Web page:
It wasn’t always that way. I didn’t always have that luxury. But, looking back, now, I know that’s okay.

As a youngster, I fell in love with words. Remember that Little Golden Book, the red book with the one word title, Words? If you don’t, you missed a little bit of magic, I think.

The book has evolved through the years. The version I remember had little boys and girls of the 1940s and 1950s, not too unlike the ones in our “Dick and Jane” primers at school.

Through that book, even before I went off to a big red brick school house, I’d learned to recognize those words, “big” and “red” and more, from that little 25-cent book.

And, as I watched how words could be woven on a page to tell stories, I began to fall in love with them. I loved putting them on paper myself and retrieving them by reading words others had left for me to discover.

Once I found out about numbers, I liked them, too. It was fun to see how numerals worked together, not the same as letters, but in their own unique way. They had an order to them that letters didn’t.

Oh, sure, letters had to march just so onto the page to spell this word or that, and those of us who got them all in the right order, words one through 20 on the spelling list, got a bright shiny, colorful star and a letter A, followed by an arithmetic sign, +. Funny, isn’t it, how even then, back in first grade, numbers and letters, writing and ‘rithmetic, were intertwined.

But there was more latitude with letters, with words. You could mix them up and they still worked. Do that with numbers and you’d have a disaster. No matter how you tried to explain it to the teacher, two plus two were never going to equal five.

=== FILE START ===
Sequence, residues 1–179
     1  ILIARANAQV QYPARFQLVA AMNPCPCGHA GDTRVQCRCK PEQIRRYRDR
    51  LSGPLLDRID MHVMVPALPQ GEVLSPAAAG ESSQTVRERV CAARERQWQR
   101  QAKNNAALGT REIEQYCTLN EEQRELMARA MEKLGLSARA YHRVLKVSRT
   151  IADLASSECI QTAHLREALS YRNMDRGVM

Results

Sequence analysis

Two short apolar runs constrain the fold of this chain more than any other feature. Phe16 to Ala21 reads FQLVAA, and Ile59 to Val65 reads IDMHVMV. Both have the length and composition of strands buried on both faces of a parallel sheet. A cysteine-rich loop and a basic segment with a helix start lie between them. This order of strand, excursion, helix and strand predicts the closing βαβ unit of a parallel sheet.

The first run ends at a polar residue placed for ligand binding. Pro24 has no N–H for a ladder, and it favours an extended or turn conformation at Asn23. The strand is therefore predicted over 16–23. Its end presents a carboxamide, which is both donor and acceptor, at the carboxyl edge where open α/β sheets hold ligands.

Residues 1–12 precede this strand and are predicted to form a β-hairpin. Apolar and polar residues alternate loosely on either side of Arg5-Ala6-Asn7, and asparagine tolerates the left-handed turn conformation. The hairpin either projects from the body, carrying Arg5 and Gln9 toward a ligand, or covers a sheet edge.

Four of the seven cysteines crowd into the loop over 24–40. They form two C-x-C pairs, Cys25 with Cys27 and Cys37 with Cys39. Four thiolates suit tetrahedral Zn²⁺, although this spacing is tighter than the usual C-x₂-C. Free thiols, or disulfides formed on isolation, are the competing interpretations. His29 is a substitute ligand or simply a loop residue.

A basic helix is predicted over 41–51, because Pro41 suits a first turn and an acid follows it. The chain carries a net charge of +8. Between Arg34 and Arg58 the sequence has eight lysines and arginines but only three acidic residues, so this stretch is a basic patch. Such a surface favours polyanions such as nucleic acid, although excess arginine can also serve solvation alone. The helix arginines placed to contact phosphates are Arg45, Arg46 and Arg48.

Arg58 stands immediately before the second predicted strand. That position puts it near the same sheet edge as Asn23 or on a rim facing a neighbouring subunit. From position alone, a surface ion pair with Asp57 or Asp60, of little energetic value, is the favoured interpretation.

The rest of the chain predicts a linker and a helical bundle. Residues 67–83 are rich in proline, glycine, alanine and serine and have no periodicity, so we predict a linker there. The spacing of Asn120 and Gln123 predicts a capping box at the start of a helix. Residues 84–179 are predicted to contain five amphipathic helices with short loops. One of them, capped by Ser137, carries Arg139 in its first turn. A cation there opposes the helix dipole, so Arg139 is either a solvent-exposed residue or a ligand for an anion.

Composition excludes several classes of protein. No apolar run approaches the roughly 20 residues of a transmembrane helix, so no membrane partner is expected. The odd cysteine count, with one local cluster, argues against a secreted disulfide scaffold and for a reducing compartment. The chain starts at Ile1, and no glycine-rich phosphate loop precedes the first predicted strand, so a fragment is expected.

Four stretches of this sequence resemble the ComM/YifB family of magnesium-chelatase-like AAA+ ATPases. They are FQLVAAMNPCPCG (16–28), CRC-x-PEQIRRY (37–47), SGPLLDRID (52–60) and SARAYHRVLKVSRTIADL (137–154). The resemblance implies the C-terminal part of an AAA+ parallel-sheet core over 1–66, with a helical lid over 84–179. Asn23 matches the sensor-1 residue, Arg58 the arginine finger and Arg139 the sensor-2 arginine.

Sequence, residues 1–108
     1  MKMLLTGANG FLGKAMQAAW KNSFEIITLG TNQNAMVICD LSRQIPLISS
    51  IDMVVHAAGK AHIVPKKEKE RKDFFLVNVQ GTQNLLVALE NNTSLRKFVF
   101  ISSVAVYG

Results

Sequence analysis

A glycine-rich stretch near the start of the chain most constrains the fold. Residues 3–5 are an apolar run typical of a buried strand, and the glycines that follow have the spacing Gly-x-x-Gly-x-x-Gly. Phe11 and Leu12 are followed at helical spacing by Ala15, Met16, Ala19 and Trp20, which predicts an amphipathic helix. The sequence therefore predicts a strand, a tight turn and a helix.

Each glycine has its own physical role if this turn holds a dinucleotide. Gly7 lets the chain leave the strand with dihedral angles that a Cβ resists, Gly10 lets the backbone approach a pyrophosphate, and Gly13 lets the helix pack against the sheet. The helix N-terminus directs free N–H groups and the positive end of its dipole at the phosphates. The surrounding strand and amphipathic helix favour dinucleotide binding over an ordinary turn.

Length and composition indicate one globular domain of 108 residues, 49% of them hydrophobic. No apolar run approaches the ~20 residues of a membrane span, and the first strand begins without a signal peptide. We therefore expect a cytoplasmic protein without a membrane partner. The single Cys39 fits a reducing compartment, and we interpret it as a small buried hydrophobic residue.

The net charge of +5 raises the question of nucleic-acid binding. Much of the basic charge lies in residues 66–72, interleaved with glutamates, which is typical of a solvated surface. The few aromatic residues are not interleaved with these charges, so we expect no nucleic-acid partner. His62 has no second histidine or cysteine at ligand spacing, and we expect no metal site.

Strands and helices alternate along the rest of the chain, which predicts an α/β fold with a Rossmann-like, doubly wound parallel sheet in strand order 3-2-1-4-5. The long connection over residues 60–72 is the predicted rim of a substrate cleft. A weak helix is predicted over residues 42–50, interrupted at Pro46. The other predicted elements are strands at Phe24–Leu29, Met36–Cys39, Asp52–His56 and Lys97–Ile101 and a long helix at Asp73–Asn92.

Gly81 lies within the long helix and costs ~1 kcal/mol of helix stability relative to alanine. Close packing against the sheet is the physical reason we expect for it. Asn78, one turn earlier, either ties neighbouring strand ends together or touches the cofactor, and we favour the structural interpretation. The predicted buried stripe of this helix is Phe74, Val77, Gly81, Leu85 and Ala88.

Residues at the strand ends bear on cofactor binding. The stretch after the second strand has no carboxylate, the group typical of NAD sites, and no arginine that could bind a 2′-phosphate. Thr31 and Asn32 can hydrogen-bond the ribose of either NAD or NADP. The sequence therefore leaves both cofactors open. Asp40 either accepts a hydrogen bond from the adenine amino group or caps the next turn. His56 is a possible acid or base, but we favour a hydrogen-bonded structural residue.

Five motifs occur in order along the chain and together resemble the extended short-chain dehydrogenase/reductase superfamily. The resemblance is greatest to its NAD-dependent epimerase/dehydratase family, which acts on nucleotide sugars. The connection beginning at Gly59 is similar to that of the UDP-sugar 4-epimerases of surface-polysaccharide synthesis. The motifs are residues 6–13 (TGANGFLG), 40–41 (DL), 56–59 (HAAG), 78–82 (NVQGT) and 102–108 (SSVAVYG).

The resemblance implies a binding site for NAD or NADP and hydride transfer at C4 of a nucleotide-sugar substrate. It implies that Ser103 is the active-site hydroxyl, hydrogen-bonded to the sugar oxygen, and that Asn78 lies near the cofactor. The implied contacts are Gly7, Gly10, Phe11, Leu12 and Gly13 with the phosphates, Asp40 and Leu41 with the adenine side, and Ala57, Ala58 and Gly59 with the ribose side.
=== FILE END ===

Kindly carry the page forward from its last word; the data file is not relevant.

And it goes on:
Just as those words and numbers were intertwined, so it was to be in my life.

As a senior in high school, trying to decide what my major in college should be, I was torn between the math formulas that kept me mesmerized, nose to the grindstone in Sister Charles Ellen’s math class, and the words that drew me to the page in the Mike Royko articles we studied in Sister Theresa Rose’s journalism class and the contemporary novels we studied in Sister Denise’s senior English class.

In college, I ended up being drawn to my school’s English program. When I left two years later, I spent more than 20 years working with – balancing – numbers everyday as I worked with grocery store ledgers.

In the long run, the call of the words was louder, so when I returned to college in my late 30s, they won out.

Today, as a writer and online editor for a communication news website, I “skip, scan and retrieve” thoughts written in hundreds of online articles each week. Yet, when my time’s my own, as it is more often at this stage of life, I do what I love most.

I read about writing, write about reading and often do either – just because I can.